Since each Internet connection has its own IP, I see that as a problem. Or can you use one connection as the primary connection, and then use the other connection to spoof packets coming from the primary one?
The simplest way to use the upload of the 2 lines is to send the packets on the 2 lines just like if you route half the packets to WAN1 and the other half to WAN2.
But in practice it usually doesn't work that well, since you have some things to consider :
- Your ISP may think you try to spoof the IP source address when routing over from the other interface and drop them.
- The so-called "spoofed" packets will have their answer on the real interface, so only one line will be used for downstream
- The latency between the packets might be much different (ie: more jitter), so the packets will be received out-of-order. That should not be a big deal for TCP-based data streams, but for more RT-oriented one that are quite sensible to jitter (such as TCP-interactive : with nagle's algorithm disabled or VoIP) it can introduce nasty delays due to buffering.
@Garth: I don't think he wants to use 2 IP addresses, just the 2 connections, so I don't see the prob with BT (It's only level 2 related) but the usual level 2 caveats do apply.
Probably not. It all depends on the load balancing technique. To summarize:
If your load balancer works without ISP co-operation: no.
If your load balancer needs ISP support, or at least tolerance: yes.
I'd expect that most consumer-level load balancing solutions are designed to work without ISP co-operation. In which case: no.
No ISP support required; not good for BitTorrent:
BitTorrent won't play well with load balancing solutions which expose both your external IP addresses. These solutions route new outbound TCP sessions via whichever link is least used right now. That's fine for browsing web sites, but causes problems with anything which expects to deal with a single IP address. See pfSense's documentation on sticky connections, for example.
(In theory, your client could pretend to be two clients each of which never download from the other. In practice, I don't think any BitTorrent clients do this.)
Load balancing by distributing outbound TCP sessions is the only way to guarantee improved download speed with all ISPs. For this reason, I'd expect most consumer-level load balancing solutions to work this way. That's great for multi-connection HTTP and FTP (i.e. most download managers), but not for BitTorrent.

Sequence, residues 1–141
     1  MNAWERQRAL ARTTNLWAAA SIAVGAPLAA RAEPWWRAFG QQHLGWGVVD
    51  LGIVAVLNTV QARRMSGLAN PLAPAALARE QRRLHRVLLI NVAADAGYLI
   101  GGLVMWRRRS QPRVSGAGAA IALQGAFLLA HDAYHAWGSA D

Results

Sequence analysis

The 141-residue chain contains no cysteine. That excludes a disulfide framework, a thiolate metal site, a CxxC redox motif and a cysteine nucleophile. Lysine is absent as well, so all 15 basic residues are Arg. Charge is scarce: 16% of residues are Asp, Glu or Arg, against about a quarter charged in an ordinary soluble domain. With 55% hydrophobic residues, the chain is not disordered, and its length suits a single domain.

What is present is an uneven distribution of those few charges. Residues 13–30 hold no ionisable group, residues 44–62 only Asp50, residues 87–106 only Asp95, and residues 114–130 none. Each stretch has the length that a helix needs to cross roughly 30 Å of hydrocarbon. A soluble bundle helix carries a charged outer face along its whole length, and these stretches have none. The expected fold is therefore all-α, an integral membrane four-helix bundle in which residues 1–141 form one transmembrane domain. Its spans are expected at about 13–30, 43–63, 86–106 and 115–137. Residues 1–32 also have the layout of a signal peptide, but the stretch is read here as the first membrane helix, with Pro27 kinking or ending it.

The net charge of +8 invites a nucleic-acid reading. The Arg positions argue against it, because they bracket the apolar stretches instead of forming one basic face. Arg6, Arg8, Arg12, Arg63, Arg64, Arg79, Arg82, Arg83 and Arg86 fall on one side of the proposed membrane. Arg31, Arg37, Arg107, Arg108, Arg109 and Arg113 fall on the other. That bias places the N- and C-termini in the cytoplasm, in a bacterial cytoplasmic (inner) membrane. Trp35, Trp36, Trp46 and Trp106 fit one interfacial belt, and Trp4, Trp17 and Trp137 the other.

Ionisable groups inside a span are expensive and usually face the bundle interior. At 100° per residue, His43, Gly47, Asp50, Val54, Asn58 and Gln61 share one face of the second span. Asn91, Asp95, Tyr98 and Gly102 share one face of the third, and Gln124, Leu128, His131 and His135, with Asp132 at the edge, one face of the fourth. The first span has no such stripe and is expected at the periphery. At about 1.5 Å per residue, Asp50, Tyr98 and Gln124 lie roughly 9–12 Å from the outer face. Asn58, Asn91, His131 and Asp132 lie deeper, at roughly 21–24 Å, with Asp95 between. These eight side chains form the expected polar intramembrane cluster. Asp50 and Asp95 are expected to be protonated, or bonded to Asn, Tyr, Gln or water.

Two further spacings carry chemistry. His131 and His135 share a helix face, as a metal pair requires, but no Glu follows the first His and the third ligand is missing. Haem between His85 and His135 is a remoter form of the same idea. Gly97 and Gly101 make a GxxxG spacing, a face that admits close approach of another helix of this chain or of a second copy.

ISP support probably required; could benefit BitTorrent uploads:
As Steve Schnepp points out, BitTorrent should play well with load balancers which distribute the transmitted packets, but stamp all of them with your (apparent) single IP address. The problem is, this kind of solution will only work if your ISP isn't blocking spoofed packets.
Try spoofing packets to your friends, and having them spoof packets back to you. Assuming neither ISP pulls the plug on you, you could try a home-made Linux routing solution with both ISPs.
if you have 2 physical computers connected to each other and then directly to 1 of the ISP connections (different default routes) and then enable local peer discovery on both clients and you will likely get a much faster speed.
They both independently download/upload from their dedicated internet link but then share their downloaded chunks over fast Ethernet (like any other peer except this one can transfer at very very fast speeds localy), its possible that they may end up downloading the same chunk but its unlikely due to the way that chunks are selected.
You will end up with 2 copies of the data on both pc's, not a lot you can do about this unfortunately.